Global long-period ground displacements in the passband of 1.67 to 10 mHz were inverted for two-event W-phase moment tensor solutions (25) to account for the overlapping signals. Recordings from 72 stations with a total of 93 channels were used in the inversions. Suites of hypocentral locations for both E1 and E2 were explored using a modified version of the neighborhood algorithm sampler (34). Figure S1 shows the hypocentral samples and the optimal best double couples for E1 and E2 at the corresponding centroid locations. For E1, the seismic moment is 2.5 × 1020 N⋅m (Mw 7.53) at a centroid location of 10.73°S, 71.12°W, 610.7 km depth. The centroid time shift is 8.7 s. The best double-couple fault planes have strike 354.5°, dip 44.4°, rake −74.1°, and strike 152.8°, dip 47.7°, and rake −105.0°. For E2, the seismic moment is 3.59 × 1020 N⋅m (Mw 7.64) at a centroid location of 10.11°S, 71.28°W, 627.3 km depth. The centroid time shift relative to the hypocentral time of E1 is 315.7 s. The best double-couple fault planes have strike 359.2°, dip 35.7°, rake −72.3°, and strike 157.7°, dip 56.2°, and rake −102.3°. The observed and synthetic waveforms for the doublet solution are shown in fig. S2.

The ground displacement waveforms were deconvolved by Rayleigh wave point-source Green’s functions to determine the azimuthally varying MRFs, as shown in fig. S3. Back-projection of the Rayleigh wave MRFs for the two large events to a horizontal gridded region around the source for time intervals around their origin times was used to image their optimal centroid locations, providing additional constraint on the relative locations of the two ruptures.

Back-projection of teleseismic P waves

A large number of high-quality seismic recordings from broadband stations that are distributed globally or concentrated in a large-aperture network across NA-EU provide P-wave signals that we back-projected to the doublet source regions to image space-time patterns of high-frequency energy release (35). This procedure does not assume a specific fault model or rupture speed but is only able to resolve horizontal relative positions and timing of energy bursts.

The teleseismic broadband P waves were aligned for E1 and E2 separately by multistation cross-correlation (36) and then filtered into two passbands: 0.1 to 1.0 Hz and 0.5 to 2.0 Hz. The filtered signals were then back-projected to a horizontal source region grid, with the amplitude of the fourth-root of the beam power (35) at each grid location in sliding time windows being determined for the global and NA-EU networks in each passband. This procedure detects coherent bursts of energy in each network, placing the source at the optimal space-time location in the grid (Fig. 2 and fig. S6). Continuous recordings 400 s long spanning E1 to E2 P-wave arrivals were also back-projected without separately aligning the E2 arrivals. This provided an estimate of E2 high-frequency radiation relative to the E1 hypocenter (fig. S7), along with allowing any aftershocks between the two events to be detected and located (Fig. 3 and fig. S8). The reality of the small aftershock detection 165 s after E1 was confirmed by inspection of the waveforms (Fig. 4).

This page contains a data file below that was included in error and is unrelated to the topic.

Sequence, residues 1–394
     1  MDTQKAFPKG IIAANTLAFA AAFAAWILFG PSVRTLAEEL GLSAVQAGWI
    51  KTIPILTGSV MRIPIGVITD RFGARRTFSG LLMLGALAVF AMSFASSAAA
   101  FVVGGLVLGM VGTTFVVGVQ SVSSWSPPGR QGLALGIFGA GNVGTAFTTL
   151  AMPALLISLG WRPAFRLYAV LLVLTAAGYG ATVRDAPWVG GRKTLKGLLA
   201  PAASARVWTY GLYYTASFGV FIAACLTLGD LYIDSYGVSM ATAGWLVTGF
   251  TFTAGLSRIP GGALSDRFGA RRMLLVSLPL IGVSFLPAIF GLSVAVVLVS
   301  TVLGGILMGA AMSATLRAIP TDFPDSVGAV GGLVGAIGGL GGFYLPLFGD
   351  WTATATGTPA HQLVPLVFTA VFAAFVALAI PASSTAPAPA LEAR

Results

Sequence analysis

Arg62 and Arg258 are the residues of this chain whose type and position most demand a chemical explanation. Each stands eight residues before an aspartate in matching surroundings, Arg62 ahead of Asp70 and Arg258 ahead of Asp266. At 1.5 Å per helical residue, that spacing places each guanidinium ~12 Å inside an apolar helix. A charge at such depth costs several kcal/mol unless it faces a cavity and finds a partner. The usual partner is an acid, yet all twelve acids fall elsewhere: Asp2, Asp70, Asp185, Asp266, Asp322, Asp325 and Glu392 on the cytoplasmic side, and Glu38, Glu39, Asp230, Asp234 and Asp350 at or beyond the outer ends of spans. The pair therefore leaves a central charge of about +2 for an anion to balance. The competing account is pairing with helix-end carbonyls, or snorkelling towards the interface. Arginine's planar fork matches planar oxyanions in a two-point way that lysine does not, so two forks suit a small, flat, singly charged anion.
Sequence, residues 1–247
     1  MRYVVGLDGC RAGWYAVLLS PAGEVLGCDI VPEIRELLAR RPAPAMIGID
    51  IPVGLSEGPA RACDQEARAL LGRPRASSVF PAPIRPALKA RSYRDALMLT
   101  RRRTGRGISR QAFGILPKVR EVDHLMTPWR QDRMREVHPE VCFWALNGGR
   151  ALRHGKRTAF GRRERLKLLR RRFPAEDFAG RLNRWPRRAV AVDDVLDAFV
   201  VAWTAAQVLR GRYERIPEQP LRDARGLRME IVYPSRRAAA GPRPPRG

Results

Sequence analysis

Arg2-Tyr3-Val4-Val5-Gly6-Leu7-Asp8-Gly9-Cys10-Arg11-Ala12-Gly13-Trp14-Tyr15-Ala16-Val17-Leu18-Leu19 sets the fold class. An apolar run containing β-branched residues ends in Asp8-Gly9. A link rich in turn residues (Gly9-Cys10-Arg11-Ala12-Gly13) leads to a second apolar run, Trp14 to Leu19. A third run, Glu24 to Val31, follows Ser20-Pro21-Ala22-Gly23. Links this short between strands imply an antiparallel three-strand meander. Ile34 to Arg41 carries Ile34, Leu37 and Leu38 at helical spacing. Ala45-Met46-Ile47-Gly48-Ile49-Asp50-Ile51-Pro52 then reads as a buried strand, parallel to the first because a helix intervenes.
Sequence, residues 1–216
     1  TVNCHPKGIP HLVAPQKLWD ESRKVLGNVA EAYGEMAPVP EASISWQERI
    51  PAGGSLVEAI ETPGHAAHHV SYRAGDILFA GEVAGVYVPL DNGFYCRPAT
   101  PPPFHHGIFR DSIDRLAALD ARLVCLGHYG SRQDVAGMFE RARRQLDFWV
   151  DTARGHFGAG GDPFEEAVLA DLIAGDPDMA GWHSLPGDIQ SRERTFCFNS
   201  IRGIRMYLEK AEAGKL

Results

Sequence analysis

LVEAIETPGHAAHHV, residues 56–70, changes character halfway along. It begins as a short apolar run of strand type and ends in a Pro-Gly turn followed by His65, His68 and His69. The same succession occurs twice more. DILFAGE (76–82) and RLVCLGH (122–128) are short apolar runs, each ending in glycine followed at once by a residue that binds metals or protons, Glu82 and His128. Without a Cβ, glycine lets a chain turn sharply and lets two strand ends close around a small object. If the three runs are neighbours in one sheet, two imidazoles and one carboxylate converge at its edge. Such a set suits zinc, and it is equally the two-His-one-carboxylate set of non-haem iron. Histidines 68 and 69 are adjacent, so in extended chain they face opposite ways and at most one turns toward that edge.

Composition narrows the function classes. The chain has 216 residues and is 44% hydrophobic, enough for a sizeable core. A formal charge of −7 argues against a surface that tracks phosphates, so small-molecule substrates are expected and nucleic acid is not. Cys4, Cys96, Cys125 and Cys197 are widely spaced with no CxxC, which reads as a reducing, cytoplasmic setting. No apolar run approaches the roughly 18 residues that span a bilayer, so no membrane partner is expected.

Finite-fault slip model inversions

We used a multi–time window linear least-squares kinematic inversion procedure (37, 38). The final models for E1 were parameterized with 10 nodes (central positions of subfaults) along strike and 12 nodes along dip, and those for E2 had 11 nodes along strike and 9 nodes along dip. The node spacing was proportional to the selected rupture velocity (for example, 3 km for 1.5 km/s, 6 km for 3 km/s, and 9 km for 4.5 km/s). We considered both nodal planes of the quick Global Centroid Moment Tensor (GCMT) solutions (26). For E1, these planes had strike 157°, dip 52° and strike 350°, dip 39°. Each subfault source time function was parameterized with fourteen 0.5-s rise time symmetric triangles with time shifts of 0.5 s, allowing subfault rupture durations of up to 7.5 s. For E2, the GCMT nodal planes had strike 160°, dip 61° and strike 350°, dip 30°, and each subfault source time function was parameterized with twelve 0.5-s rise time symmetric triangles with time shifts of 0.5 s, allowing subfault rupture durations of up to 6.5 s. Rake was allowed to vary for each triangle of each subfault by allowing two rake values ±45° from the average given by the quick GCMT solution, with a nonnegative moment constraint (39). The total seismic moment was constrained to match the long-period GCMT moment. The hypocenter was 600.6 km deep for E1 and 611.7 km for E2. We applied Laplacian regularization, which constrained the second-order gradient for each parameter to be zero.